CIOs and business leaders need to get their priorities aligned
The recently published State of the CIO report includes some worrying results. Along with the oft-quoted fears about skills shortages and job security, there’s another area that gives cause for concern. CIOs and business leaders are often working towards different goals and there is a lack of understanding between them.
We’ll look at the details more closely, but first, let’s just spend a moment pondering the possible implications. Forgive our clumsy metaphor, but we’re talking about the captain trying to steer his ship on technology designed to fly an aircraft. Success will be limited, costs will escalate, frustrations and poor service are almost inevitable.
So, what’s going on? Why aren’t we communicating more effectively? Why are we not pulling in one direction?
The what and the how
As usual, with something that looks quite simple, the devil is in the detail. Business leaders and CIOs can agree on what they want to achieve: growth, operating efficiency, a great customer experience, et cetera, but it’s in the how that the ideas diverge. Business leaders may favour technologies to improve the customer experience or transform the business processes. CIOs may see the way forward in data analytics or cloud computing.
There have always been barriers to communication between “techies” and wider management. Maybe this is due to something as simple as a reluctance to admit a lack of understanding and too much jargon. But why should a business leader be expected to keep up-to-speed with the detail of a rapidly evolving digital world alongside all his or her other responsibilities? With the support of the right CIO, the business leader should have all the information they need. It should be possible to have the meaningful dialogues that get priorities in alignment.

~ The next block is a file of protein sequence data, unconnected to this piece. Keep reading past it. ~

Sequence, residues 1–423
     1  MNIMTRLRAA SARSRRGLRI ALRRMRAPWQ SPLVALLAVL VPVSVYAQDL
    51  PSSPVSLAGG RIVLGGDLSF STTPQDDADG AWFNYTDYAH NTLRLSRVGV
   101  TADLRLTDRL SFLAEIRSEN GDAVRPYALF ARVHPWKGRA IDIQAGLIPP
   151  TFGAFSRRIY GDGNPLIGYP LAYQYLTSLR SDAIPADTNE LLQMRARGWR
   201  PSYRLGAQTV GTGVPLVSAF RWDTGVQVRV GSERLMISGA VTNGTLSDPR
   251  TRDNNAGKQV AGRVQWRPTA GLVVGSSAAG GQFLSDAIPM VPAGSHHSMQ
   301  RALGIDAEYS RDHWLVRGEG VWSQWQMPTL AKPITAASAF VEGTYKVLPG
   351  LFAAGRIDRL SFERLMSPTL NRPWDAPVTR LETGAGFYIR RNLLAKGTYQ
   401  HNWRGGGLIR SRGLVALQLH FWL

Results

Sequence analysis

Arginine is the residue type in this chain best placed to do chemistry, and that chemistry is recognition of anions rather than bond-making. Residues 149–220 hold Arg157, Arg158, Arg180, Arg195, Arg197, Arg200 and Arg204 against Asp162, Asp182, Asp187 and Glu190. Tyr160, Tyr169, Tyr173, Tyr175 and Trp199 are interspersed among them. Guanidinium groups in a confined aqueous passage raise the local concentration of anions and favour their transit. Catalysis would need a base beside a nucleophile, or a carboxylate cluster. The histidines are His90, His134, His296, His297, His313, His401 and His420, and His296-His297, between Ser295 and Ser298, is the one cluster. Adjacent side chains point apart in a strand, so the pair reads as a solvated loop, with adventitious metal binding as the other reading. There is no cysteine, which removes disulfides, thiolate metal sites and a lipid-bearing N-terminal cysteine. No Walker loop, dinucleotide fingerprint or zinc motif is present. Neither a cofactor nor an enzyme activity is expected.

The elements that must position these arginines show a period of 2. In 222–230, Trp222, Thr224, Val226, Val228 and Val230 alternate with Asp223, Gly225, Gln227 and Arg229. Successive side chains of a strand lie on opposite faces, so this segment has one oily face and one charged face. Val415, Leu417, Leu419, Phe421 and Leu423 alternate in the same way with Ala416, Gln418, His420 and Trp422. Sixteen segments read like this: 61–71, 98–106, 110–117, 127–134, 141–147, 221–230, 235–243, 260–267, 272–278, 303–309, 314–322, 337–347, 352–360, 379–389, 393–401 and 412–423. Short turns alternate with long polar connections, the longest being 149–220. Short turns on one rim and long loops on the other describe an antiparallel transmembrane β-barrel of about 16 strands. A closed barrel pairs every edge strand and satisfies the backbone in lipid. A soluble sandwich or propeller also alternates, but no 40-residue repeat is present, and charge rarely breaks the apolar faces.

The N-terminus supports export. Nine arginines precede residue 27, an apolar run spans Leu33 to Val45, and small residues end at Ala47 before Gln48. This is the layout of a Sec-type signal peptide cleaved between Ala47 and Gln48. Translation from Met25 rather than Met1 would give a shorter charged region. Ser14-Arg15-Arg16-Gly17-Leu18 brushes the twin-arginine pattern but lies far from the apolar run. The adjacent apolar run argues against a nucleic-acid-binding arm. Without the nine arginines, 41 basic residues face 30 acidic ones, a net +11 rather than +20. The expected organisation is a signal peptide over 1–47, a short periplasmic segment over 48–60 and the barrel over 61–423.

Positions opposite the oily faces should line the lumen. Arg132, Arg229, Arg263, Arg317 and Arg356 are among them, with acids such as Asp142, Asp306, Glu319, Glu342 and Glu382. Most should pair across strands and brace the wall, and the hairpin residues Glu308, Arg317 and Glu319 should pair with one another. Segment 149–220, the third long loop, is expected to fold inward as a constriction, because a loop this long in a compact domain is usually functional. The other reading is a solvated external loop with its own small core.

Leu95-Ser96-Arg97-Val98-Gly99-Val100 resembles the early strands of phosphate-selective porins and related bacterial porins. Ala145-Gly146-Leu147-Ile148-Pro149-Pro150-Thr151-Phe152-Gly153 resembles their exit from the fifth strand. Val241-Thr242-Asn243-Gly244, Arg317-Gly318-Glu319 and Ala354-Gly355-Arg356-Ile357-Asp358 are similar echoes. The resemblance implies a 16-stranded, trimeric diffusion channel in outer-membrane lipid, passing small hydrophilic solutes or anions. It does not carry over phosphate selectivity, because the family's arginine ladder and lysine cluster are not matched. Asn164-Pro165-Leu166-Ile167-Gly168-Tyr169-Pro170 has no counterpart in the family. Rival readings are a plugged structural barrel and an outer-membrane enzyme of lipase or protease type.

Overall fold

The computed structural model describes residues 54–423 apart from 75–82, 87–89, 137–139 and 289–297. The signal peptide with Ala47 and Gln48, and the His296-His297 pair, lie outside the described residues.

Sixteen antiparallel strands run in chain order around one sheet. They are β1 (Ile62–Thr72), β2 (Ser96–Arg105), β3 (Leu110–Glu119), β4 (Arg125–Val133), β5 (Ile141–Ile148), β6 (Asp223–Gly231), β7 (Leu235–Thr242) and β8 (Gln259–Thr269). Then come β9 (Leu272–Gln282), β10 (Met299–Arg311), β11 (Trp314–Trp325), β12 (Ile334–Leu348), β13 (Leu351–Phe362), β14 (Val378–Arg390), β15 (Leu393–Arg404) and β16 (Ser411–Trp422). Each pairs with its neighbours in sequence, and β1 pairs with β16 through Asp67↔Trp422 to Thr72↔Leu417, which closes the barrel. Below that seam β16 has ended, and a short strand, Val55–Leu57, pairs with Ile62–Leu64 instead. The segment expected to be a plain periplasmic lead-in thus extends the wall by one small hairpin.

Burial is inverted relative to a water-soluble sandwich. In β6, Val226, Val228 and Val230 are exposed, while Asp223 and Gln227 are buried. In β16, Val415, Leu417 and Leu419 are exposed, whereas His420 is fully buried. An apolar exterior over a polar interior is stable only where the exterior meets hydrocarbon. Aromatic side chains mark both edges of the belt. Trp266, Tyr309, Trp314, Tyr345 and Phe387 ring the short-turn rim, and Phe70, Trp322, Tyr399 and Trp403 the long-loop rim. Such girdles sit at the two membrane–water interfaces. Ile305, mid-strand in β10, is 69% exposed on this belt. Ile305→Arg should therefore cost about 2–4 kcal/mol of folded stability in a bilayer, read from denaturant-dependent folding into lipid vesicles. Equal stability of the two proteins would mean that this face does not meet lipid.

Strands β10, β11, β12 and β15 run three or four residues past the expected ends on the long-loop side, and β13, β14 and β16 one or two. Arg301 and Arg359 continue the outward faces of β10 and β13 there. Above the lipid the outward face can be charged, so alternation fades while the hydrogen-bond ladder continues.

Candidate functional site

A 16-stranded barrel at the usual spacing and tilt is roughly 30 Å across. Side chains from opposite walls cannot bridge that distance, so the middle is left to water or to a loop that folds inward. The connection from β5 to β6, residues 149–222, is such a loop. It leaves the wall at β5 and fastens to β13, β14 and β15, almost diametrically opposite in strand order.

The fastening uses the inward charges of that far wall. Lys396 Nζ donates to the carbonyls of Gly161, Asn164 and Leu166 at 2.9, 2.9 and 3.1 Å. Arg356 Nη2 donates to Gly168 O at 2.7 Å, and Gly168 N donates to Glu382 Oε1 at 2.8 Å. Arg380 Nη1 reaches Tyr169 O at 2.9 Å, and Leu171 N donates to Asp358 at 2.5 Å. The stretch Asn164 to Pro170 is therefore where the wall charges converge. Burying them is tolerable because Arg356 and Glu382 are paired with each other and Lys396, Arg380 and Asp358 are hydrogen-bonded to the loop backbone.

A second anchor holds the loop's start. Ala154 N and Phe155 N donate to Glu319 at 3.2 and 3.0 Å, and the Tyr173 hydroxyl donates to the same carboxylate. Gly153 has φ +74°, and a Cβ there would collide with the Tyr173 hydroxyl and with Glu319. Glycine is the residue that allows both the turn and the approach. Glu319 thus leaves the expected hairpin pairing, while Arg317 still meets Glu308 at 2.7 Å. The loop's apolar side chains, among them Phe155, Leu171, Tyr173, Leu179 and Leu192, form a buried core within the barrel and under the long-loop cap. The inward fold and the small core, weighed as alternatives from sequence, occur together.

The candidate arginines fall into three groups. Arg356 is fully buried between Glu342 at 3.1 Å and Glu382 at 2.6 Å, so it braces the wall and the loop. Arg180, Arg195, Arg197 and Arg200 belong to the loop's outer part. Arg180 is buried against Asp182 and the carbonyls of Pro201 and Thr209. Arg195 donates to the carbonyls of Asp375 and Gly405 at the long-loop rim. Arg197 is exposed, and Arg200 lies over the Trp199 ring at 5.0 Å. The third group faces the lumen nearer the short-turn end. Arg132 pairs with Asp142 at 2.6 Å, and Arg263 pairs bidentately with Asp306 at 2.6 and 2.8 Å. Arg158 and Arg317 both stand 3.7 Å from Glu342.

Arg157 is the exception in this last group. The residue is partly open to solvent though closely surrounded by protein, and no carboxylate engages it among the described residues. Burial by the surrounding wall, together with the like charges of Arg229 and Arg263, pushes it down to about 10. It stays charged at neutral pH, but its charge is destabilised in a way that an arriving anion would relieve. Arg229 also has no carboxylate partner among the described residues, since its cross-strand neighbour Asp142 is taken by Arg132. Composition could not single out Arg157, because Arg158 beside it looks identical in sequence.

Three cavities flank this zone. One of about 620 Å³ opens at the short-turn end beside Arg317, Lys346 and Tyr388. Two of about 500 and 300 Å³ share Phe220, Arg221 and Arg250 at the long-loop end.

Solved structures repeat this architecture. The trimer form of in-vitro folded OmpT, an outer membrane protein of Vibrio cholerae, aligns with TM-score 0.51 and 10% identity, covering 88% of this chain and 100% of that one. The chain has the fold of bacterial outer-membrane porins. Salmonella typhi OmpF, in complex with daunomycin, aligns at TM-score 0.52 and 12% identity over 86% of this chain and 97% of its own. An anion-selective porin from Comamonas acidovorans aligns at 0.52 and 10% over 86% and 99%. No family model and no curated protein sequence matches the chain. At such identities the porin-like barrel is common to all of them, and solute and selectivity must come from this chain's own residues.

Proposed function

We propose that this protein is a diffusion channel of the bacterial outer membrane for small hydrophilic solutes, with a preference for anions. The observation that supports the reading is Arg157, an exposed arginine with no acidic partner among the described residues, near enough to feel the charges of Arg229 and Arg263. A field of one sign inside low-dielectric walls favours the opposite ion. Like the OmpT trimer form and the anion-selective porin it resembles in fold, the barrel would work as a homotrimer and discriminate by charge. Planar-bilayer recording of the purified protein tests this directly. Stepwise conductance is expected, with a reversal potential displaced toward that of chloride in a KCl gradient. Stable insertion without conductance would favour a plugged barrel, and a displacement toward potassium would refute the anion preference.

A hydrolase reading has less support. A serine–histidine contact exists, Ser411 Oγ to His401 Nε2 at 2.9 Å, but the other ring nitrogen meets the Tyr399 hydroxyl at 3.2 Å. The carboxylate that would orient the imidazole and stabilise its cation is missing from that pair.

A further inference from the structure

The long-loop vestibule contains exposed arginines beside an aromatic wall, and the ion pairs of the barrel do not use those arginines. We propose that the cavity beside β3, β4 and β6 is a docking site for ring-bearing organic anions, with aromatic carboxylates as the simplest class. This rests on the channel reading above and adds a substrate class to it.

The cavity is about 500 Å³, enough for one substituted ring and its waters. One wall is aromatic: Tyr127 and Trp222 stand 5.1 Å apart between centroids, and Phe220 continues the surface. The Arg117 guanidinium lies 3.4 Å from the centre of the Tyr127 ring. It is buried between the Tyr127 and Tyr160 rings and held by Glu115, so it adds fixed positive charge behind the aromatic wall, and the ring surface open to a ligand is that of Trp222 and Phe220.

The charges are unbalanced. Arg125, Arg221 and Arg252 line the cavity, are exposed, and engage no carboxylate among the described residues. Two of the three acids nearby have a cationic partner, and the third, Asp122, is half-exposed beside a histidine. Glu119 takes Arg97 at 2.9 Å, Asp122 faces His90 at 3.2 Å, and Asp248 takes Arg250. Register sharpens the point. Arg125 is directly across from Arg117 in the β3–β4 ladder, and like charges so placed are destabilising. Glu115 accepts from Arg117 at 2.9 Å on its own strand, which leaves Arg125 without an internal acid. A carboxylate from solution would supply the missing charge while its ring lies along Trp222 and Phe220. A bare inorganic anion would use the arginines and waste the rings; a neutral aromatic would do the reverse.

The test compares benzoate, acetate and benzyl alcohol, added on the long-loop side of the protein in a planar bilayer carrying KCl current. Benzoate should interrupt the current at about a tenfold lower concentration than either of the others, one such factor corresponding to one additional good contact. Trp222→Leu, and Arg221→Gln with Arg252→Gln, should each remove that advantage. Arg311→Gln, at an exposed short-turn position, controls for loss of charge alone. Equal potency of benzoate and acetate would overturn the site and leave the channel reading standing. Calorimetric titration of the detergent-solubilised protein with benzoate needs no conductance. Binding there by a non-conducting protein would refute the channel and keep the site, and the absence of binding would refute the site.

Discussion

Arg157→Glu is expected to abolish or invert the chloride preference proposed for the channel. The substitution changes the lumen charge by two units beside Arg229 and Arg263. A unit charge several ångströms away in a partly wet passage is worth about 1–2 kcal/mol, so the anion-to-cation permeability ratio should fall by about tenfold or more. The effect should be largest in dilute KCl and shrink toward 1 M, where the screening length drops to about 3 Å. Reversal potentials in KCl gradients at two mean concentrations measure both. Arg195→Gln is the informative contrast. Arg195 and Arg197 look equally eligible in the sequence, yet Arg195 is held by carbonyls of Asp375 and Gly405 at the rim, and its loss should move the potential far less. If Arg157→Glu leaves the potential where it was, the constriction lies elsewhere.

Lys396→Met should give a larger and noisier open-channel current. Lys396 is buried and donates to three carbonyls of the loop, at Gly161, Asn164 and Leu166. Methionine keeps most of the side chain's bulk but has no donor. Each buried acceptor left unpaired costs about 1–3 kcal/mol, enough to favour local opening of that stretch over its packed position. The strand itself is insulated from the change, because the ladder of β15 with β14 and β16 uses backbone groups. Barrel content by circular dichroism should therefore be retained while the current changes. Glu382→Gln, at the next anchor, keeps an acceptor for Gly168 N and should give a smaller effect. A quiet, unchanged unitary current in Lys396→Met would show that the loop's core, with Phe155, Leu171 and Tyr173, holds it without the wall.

So far so good, but there’s another problem. Perception. CIOs rate their performance more highly than business leaders do. Let’s look at an extract of the survey’s stats regarding a new business initiative and the role that IT plays.
These numbers demonstrate that there’s a problem and it’s one that can have significant consequences. Where any business transformation project is being considered, communication and understanding are essential. We should not allow barriers between CIOs, their IT teams and other management to undermine success.Perhaps even more worrying is the 10 per cent of business leaders who said that their CIO presented so many objections to a technology that there was little chance of achieving success. Or those who saw IT as a “rogue player” pressing ahead with their own technology decisions. IT is also often seen as the team to blame when others fail to meet their own targets.
We don’t underestimate the challenges, but if you want to pick the key takeaway from the State of the CIO report, surely it is this: CIOs must prioritise improving their relationship with the rest of the business.
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